When everything seems against him and all doors seemed to be closed, Rick visits Carla Mendez, a one-legged, Hispanic, past life therapist, a woman with:
...olive skin and festoons of black hair, and dark eyes and lips.
From her Venice Beach apartment, Carla regresses Rick into late 17th century England, where it seems he lived life as one William Draper, a medical student at Oxford whose training is cruelly halted when he, himself, becomes ill. Afflicted with a rare skin disorder that makes it impossible for him to be exposed to sunlight, Draper is told by his superiors:
...a would-be physician who cannot cure himself, nor be cured by the best physicians....
...is nothing but an embarrassment.
Cast out of Oxford, Draper takes up residence in a seedy, seamy part of London known as Alsatia and becomes a spy for the Royal College of Physicians, reporting back to them regarding anyone whose medical practices seem in any way irregular.
Draper also sets about fulfilling a personal quest. The owner of an aging dodo, Draper wants nothing more than to find another dodo with whom his can mate, thus saving the species from extinction. Sound familiar? As Draper puts it:
The dodo needs a friend and a champion. I have selected myself for the task, though there are times when certainly I feel I have had little choice in the matter.
After his regression, Rick feels compelled to travel to England where he just happens to meet an English writer, and just happens to steal a manuscript from his study that just happens to be about…William Draper. Titled “The Restoration of the Dodo,” Rick is sure this manuscript is the key to getting his own film produced.
While traveling back to L.A., stolen manuscript in hand, Rick has a major panic attack on the plane and fears he’s dying. Enter fiftyish Dr. Henry Cadwallader, a recent widow (I had to wonder if he’d been married to Mrs. Cadwallader, from George Eliot’s Middlemarch, Cadwallader not being the most common of names), who is accompanying his daughter, Dorothy, to Hollywood where she hopes to become “a star.” The trouble is, while Dorothy is pretty, she’s also totally vapid. It’s clear to everyone but her that her brush with fame isn’t going to be either long or lasting. However, this won’t be the end of Rick’s interaction with Henry and Dorothy...not by a long shot. Nor will it mark the end of the Cadwalladers’ love affair with Hollywood.
Nicholson is known as a satirist, but he writes with a surprisingly light touch, and The Hollywood Dodo is truly enormous fun. However, it’s heavily contrived and filled to the brim with coincidence. Surprisingly, I really didn’t mind this. The disparate story strands are extremely vivid and Nicholson does a superb job of weaving them together.
Nicholson is also particularly good at manipulating the third person subjective, so we really get to enter the minds of his characters and come to know them extremely well. He’s also excellent at building connections, even though many of these connections do rest heavily on the already-mentioned coincidence, as well as on doubling. The chapter titles have been taken from film titles, e.g., “25. Back to the Future” and “26. Mask.” This is clever, but in the long run, it might just be a little too clever for some readers. I wasn’t bothered by it, though.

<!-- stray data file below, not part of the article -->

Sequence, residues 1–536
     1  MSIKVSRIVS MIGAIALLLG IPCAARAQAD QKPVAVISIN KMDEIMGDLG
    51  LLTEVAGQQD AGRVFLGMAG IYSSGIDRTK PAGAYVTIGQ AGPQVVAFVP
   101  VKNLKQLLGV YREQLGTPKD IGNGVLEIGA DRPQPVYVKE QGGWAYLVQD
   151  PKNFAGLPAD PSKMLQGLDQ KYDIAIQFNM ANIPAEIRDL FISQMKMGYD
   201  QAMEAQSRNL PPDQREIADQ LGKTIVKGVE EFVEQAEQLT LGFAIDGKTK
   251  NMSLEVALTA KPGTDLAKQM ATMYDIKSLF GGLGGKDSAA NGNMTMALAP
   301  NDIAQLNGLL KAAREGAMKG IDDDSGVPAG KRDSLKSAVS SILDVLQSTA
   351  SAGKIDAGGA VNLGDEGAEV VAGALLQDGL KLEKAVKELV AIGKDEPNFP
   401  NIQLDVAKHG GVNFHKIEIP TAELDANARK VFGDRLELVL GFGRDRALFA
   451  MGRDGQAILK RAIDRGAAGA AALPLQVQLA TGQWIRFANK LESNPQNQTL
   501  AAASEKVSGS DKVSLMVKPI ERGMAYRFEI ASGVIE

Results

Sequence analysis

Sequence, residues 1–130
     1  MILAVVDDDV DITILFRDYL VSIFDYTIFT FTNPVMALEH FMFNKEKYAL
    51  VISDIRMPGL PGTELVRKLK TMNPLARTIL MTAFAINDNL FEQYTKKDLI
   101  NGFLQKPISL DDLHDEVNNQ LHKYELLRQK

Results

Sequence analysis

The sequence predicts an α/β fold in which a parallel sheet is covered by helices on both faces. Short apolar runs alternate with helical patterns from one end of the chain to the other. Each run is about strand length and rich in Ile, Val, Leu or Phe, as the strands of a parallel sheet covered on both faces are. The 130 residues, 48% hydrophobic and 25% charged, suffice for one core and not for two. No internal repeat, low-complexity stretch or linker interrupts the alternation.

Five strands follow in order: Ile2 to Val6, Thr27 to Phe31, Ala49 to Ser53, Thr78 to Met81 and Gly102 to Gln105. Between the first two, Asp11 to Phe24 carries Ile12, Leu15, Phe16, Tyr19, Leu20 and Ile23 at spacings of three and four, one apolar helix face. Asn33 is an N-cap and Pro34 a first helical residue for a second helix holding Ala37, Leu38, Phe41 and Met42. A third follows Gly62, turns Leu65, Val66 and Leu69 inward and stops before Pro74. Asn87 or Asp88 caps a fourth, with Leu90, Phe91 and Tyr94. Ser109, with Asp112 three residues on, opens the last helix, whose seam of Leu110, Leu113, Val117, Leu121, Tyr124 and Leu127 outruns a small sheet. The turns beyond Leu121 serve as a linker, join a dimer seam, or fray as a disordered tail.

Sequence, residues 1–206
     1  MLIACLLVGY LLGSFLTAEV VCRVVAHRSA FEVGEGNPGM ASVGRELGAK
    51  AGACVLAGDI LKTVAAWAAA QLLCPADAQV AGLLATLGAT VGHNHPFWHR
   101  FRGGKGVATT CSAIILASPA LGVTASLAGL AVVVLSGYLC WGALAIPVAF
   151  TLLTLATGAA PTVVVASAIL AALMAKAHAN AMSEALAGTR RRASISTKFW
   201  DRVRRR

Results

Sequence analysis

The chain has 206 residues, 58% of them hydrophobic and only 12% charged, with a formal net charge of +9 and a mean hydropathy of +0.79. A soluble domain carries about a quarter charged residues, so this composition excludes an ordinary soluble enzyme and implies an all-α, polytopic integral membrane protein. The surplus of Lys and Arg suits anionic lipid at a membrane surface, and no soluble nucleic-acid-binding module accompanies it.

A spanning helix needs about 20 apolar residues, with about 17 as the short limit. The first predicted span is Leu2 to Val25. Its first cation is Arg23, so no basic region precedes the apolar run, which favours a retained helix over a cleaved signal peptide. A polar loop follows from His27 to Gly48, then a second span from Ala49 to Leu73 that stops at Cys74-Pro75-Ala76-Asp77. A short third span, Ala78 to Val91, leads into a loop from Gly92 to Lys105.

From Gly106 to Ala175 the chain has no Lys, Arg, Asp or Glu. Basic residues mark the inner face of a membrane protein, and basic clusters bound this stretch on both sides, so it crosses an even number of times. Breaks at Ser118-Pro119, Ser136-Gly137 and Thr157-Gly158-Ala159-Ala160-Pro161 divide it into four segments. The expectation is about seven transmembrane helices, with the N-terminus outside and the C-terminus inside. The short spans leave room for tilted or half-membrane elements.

It’s also rather difficult to discern a clear theme in the narrative of The Hollywood Dodo. Or, perhaps, there are too many themes. With the dodo as the book’s centerpiece, one gets the idea that The Hollywood Dodo is about extinction, or the sheer fragility of existence. And so it might be, for at one point in the book, Dr. Cadwallader says:
...you don’t make a movie about death and extinction simply by having someone spouting about death and extinction.
But The Hollywood Dodo is definitely about deception as well. Just about everyone in the book is set on deceiving everyone else. William Draper falls in love with a medical fake, and Rick McCartney almost falls in love with his past life therapist, Carla. Both of these plot points highlight the theme of deception and also show how Nicholson employs doubling.
Nicholson, as always, does a great job of playing one character off another, but another of this book’s problems is the fact that there’s not much at stake for anyone. No one’s world is going to end if Rick fails to make his dodo film or if Dorothy fails to find the yellow brick road to stardom. The characters do change by the book’s end, however, some of them dramatically. Hollywood has to have an influence on people, whether for good or ill:
We all know what Hollywood does to people. It changes them, and very seldom for the better. It makes them glib, fake, embittered. And this seems to have nothing much to do with actual achievement, with how well or badly they’re doing. Hollywood success and Hollywood failure can be equally corrupting, though presumably in different ways.
And, so it is in this book.
The thing that keeps the reader turning the pages of this book is Nicholson’s magnificent prose, which is dark and delicious, along with his vivid characterizations. Although this book is, at times, as dark as it is funny, it really isn’t cynical or biting enough for me to term it genuine satire. Black comedy, then? Well, yes, but only at times. There are other times when the book is decidedly unfunny. A running gag and a mispronunciation elicited more groans than laughter from me.